Wednesday, March 7, 2012

Malaria in the US

A fascinating map of malaria in the USA in 1870 from the Library of Congress digital history collection (click here for a zoomable version).

Even though malaria was never a massive problem in the US as a whole it was certainly a problem in parts of the South as this map indicates. The darkest red color indicates a malaria mortality of over 1,400 per 10,000 - ie 1 in 7 people were dying of malaria.

In the US Civil War, where much of the action took place in these malarious states, large numbers of soldiers contracted Malaria and tens of thousands were killed.

The most shocking fact is that in 1870 no-one yet realized that mosquitoes were transmitting the disease.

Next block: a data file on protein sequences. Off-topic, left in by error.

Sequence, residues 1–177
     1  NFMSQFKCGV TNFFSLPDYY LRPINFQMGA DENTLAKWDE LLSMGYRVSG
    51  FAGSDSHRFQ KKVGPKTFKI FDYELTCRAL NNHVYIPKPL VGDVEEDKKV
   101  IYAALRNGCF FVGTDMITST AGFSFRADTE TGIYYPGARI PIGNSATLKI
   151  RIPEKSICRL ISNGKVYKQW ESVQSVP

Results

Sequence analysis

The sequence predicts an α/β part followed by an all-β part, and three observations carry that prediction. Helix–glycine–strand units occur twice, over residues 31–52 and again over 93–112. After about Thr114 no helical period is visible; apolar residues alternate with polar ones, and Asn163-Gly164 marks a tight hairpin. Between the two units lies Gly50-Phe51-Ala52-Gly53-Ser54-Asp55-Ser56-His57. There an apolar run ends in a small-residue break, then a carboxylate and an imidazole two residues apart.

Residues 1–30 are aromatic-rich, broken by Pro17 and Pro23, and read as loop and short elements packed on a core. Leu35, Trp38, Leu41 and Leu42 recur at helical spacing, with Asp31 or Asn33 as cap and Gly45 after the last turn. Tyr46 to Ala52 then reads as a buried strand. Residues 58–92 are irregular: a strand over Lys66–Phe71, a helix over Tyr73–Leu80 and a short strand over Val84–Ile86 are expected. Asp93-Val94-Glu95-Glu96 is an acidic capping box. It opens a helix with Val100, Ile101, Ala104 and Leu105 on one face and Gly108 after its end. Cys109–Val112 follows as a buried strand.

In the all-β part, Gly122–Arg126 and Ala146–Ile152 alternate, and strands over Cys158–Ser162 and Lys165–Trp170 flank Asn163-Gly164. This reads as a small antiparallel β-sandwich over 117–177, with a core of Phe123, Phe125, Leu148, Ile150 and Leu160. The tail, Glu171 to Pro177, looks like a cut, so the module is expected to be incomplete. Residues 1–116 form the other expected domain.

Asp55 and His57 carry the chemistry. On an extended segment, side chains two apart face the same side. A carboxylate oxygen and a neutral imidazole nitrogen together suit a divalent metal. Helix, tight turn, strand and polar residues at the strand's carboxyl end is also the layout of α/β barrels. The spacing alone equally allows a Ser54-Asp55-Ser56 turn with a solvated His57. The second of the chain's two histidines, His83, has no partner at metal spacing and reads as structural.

Here's an excerpt from a Scientific American article entitled The Civil War and Malaria.

It is difficult for us to realize the fact, but we all know that any soldier is in five times more danger of dying from malarious disease than of being killed in battle.

What malaria is nobody knows. It may consist of organisms, either animal or vegetable, too minute for even the microscope to detect or it may be some condition of the atmosphere in relation to electricity, or temperature, or moisture; or it may be a gas evolved in the decay of vegetable matter. The last is the most common hypothesis, but it is by no means proved, and it has some stubborn facts against it. There is no doubt, however, that malaria is some mysterious poison in the atmosphere, and that it is confined strictly to certain localities.

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